analytical detection limits than gFOBTs, which leads to
positivity rates that would place an intolerable burden on the
scarce colonoscopy services available in many countries if used
as the preferred screening test. For this reason, we have
explored previously the use of a reflex two-tier strategy in
which individuals who are gFOBT positive are asked to perform
a FIT before colonoscopy, and we proposed that a population-
based screening programme for colorectal cancer could be
based on a combination of initial gFOBTs for all, followed by
FITs for individuals with positive gFOBT.9We have demon-
strated that use of this strategy would decrease the need for
colonoscopy by about 30%.
However, the FIT that was used required the collection of
faeces into tubes containing buffer solution. These tubes would
be difficult and expensive to post to and from participants in a
screening programme. Moreover, the material in the tubes must
be analysed within 7–8 days of faecal collection, which would
provide logistic difficulties.
uaiac-based faecal occult blood tests (gFOBTs) are
effective in population colorectal cancer screening.1–4
gFOBTs are inexpensive and easy to use and transport
Recently, a FIT has become available with an innovative
sampling method that uses a single simple card for collection of
two specimens of faeces, is stable for 30 days after the first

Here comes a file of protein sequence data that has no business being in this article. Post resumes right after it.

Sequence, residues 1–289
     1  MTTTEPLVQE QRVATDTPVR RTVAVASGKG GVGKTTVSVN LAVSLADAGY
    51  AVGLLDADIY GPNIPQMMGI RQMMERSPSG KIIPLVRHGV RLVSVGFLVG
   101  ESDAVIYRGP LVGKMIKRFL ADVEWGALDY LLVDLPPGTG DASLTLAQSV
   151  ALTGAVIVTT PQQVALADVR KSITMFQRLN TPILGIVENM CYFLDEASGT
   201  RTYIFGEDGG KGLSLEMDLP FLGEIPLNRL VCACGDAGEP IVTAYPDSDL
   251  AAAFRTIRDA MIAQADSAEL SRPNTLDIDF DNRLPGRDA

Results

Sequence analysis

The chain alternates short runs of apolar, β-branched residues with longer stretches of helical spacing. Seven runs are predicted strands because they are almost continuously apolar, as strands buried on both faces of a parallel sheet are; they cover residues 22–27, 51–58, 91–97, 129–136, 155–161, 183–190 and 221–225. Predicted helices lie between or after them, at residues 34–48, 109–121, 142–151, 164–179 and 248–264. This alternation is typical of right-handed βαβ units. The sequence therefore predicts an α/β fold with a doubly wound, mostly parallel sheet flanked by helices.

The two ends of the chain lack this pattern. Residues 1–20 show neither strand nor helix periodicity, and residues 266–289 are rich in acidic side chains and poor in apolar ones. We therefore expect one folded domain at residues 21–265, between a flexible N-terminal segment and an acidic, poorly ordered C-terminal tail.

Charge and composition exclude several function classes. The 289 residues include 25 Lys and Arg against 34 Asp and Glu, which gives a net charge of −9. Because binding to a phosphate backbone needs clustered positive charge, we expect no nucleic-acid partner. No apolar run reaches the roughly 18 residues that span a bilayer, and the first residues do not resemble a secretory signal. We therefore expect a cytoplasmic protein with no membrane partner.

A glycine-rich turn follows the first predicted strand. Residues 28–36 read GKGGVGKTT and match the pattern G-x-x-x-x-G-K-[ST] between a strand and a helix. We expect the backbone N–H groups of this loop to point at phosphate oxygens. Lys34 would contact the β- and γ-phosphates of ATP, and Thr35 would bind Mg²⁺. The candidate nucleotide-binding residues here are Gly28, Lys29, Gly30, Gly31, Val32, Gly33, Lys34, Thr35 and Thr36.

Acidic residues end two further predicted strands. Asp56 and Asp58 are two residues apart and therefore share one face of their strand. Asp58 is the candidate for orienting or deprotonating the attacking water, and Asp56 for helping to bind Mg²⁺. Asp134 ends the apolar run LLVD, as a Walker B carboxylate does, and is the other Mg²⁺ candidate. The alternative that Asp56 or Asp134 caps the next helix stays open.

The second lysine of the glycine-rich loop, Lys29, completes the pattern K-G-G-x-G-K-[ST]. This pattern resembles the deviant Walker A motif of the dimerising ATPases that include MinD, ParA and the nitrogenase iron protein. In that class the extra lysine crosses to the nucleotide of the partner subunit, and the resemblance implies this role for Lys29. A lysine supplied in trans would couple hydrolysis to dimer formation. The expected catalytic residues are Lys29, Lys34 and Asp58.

collection and requires only one specimen preparation tube and
one test cassette system for analysis. Being card based, this is
familiar to participants and is also easy and inexpensive to post
to and from them. We evaluated this system in phase 1 of the
Scottish Bowel Screening Programme to determine the clinical
characteristics of this particular FIT in our planned reflex two-
tier gFOBT/FIT approach to colorectal cancer screening9and to
assess, whether our previous results were transferable over
different FIT formats.
PARTICIPANTS AND METHODS
All participants in the first 13.5 months of phase 1 of the
Scottish Bowel Screening Programme who had a positive
gFOBT were offered colonoscopy: the population here was not
the same as in our previous work.9Exactly as per the pilot study
in the UK,4the population invited for screening comprised
individuals aged 50–69 years. A conventional gFOBT kit (hema-
screen, Immunostics, Ocean, New Jersey, USA) was used. The
screening algorithm was similar to that mandated for the UK
pilot study4: participants collected two samples of faeces
without any dietary restriction from each of three consecutive
bowel movements directly on to filter paper containing guaiac
Abbreviations: FIT, faecal immunochemical test; gFOBT, guaiac faecal
occult blood test; Hb, haemoglobin
gum through oval shapes in the gFOBT kit card. Participants
who had five or six positive ovals on the gFOBT were classified
as strongly positive, and were offered colonoscopy without
further testing. Participants with one to four positive ovals were